Location: Application Technology ResearchTitle: Unimpeded air velocity profiles of air-assisted five-port sprayer) Author
Submitted to: Transactions of the ASABE
Publication Type: Peer reviewed journal
Publication Acceptance Date: 9/19/2012
Publication Date: 12/21/2012
Publication URL: http://handle.nal.usda.gov/10113/56247
Citation: Gu, J., Zhu, H., Ding, W. 2012. Unimpeded air velocity profiles of air-assisted five-port sprayer. Transactions of the ASABE. 55(5):1659-1666. Interpretive Summary: Although current air-assisted sprayers provide improved spray penetration and deposition uniformity, they are not able to adjust both liquid and air flow rates as needed and thus spray losses are still considerable. Future variable-rate sprayers should have a capability to control both liquid and air flows to match tree canopy structures. This study investigated the effect of fan inlet diameters on characterization of air velocity profiles from an air-assisted five-port sprayer, in an effort to form a basis for the development of an automatic device to control the air flow rate for the future variable-rate sprayers. Test results demonstrated that the air velocities and airflow pressures for a particular fan inlet diameter were relatively uniform, confirming the capability of the sprayer to discharge uniform spray profiles for carrying droplets. Consequently, this study established an alternative approach with changing the fan-inlet diameter to achieve variable rates of air for new pesticide sprayers to have efficient air flow penetration into plant canopies.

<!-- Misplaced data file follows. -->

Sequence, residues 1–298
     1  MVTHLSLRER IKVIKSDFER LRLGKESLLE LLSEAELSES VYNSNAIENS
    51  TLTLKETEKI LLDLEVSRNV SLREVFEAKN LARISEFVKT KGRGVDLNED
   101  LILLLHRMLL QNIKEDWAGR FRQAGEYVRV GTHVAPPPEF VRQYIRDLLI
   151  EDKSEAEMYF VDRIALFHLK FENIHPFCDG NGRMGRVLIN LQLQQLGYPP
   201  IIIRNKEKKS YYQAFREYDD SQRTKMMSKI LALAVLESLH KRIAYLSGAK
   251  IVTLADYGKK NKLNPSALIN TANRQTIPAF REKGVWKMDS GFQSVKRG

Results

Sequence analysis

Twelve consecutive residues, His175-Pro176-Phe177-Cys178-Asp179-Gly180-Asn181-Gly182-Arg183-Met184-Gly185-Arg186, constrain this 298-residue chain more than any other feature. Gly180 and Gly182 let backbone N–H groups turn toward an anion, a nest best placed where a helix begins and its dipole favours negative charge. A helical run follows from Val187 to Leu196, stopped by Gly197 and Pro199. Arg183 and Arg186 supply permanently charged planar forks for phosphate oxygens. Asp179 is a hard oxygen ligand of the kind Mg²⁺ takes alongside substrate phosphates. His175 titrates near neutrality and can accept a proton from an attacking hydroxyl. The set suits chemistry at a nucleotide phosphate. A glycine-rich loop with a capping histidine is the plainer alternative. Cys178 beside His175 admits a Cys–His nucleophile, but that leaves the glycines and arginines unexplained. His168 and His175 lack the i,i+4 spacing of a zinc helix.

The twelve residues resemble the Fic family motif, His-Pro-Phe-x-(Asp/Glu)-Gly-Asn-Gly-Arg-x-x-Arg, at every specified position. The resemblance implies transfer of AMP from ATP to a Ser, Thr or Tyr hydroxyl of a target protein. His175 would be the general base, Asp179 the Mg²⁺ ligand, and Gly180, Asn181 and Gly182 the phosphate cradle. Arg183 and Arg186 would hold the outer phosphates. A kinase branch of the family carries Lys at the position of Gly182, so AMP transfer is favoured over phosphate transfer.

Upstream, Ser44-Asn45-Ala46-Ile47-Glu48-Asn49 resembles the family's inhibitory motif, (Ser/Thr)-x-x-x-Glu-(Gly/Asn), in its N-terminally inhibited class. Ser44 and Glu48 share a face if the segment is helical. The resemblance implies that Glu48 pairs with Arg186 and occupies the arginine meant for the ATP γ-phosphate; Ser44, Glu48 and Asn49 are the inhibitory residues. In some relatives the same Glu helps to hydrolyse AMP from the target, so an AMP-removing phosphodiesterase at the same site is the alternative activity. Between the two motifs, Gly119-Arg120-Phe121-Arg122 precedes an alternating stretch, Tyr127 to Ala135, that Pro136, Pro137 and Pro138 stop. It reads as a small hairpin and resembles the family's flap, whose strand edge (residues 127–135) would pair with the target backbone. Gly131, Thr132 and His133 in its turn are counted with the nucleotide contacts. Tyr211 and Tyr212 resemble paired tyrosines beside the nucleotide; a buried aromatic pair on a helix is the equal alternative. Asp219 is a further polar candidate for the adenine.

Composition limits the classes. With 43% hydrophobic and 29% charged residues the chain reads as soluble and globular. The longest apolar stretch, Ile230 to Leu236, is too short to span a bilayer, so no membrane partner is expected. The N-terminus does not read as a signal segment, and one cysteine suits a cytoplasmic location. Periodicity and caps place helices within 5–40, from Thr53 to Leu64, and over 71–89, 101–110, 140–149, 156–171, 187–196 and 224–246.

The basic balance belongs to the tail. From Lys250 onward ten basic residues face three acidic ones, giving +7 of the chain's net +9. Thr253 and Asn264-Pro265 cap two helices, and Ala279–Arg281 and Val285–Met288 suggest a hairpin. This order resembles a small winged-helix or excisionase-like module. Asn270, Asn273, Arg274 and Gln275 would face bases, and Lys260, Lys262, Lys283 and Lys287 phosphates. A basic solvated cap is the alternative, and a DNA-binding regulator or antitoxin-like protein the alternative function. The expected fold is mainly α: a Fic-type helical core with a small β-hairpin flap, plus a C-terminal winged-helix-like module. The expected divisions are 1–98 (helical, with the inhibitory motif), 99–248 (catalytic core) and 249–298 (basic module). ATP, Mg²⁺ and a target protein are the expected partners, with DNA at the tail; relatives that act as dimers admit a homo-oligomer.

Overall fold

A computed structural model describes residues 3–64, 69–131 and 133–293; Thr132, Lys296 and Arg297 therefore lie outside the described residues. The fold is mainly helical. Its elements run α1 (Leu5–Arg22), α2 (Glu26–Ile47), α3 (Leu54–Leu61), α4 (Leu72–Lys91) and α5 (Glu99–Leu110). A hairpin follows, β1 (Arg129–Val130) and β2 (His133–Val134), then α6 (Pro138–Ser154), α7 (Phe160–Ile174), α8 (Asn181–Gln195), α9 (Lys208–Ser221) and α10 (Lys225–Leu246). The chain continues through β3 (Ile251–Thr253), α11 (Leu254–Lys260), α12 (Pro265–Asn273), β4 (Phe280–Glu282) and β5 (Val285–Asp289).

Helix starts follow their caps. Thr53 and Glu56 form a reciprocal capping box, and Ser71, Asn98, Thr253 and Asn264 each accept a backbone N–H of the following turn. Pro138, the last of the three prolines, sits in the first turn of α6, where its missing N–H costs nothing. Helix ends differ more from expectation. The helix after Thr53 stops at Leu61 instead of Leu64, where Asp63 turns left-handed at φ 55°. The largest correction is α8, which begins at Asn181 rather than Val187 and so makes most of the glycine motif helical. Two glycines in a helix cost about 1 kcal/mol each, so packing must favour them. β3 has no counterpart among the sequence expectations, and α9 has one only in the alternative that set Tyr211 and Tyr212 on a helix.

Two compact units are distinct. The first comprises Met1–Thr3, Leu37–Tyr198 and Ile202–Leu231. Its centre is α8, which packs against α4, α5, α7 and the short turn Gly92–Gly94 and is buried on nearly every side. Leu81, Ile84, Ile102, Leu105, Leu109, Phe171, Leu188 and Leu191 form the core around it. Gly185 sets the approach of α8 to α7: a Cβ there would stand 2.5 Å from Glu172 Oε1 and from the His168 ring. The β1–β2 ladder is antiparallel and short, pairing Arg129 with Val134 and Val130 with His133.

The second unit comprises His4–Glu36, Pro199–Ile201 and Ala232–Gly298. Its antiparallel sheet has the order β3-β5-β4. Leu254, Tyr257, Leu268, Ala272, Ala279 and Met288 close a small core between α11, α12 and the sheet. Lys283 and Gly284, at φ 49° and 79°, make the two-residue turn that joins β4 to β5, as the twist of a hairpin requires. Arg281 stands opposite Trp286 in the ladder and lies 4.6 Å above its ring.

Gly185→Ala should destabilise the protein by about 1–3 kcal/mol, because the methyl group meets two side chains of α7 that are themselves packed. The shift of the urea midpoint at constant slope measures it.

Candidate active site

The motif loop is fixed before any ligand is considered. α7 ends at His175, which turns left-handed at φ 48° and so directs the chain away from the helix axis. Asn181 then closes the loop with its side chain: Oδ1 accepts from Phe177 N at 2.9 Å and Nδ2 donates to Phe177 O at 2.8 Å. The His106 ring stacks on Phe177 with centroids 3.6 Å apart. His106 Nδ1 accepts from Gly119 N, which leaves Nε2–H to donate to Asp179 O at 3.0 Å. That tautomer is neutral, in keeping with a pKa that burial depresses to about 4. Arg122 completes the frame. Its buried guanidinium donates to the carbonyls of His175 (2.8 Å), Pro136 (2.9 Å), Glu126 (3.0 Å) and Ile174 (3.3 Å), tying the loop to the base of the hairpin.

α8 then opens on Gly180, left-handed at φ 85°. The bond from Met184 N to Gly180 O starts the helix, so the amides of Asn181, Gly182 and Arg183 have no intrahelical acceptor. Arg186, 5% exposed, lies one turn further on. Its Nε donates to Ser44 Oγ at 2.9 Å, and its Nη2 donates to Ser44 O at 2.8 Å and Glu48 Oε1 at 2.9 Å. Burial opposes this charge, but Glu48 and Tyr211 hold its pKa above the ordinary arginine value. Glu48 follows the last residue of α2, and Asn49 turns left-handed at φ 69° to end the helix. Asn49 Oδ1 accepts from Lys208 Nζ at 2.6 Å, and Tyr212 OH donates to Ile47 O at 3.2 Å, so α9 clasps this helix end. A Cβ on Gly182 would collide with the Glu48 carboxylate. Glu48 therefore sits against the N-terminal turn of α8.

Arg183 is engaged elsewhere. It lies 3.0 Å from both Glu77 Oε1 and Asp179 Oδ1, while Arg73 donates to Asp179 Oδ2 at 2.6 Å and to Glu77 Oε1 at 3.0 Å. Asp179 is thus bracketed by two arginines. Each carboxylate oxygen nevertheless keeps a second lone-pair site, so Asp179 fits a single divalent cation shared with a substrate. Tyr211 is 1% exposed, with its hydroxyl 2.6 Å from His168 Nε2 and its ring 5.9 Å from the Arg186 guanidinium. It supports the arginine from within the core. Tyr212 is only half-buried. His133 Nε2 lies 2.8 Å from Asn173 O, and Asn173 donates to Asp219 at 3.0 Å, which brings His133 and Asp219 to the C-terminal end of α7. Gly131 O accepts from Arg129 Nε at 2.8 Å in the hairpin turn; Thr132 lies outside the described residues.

Technical Abstract: A capability that relies on tree structure information to control liquid and air flow rates is the preferential design in the development of variable-rate orchard and nursery sprayers. Unimpeded air jet velocities from an air assisted, five-port sprayer in an open field were measured at four heights above ground, seven distances up to 3 m from the sprayer outlets, and five sprayer travel speeds from 0 to 8.0 km/h. Air jet velocities were adjusted by changing the sprayer fan inlet diameter. Calculations of the air jet initial region length, transition length and expansion angle from five-port nozzles were computed with an air jet distribution model. The intersection between adjacent air jets from the five-port nozzles was determined from the air jet expansion angle. Air velocities were measured with a constant temperature anemometer system coupled with hot-wire sensors. The air jets expanded at a 50° angle and intersected with adjacent air jets at 0.027 m from the five-port nozzle. When the sprayer was stationary (0 km/h), axial air velocities from nozzle outlets increased as fan inlet diameters increased and decreased as a hyperbolic function as the distance increased. Variations in the peak air velocities and airflow pressures with the travel speeds of 3.2 to 8.0 km/h and heights of 0.2 to 2.0 m were insignificant. When the sprayer was in motion, due to air entrainment and air jet disturbance, the peak air velocities decreased and airflow pressures increased as the distances from nozzle outlets increased. For all the parameters tested, the peak air velocities and airflow pressure increased as the fan inlet diameters increased, demonstrating that changing fan inlet diameters achieved variable air flow rates with uniform air profiles.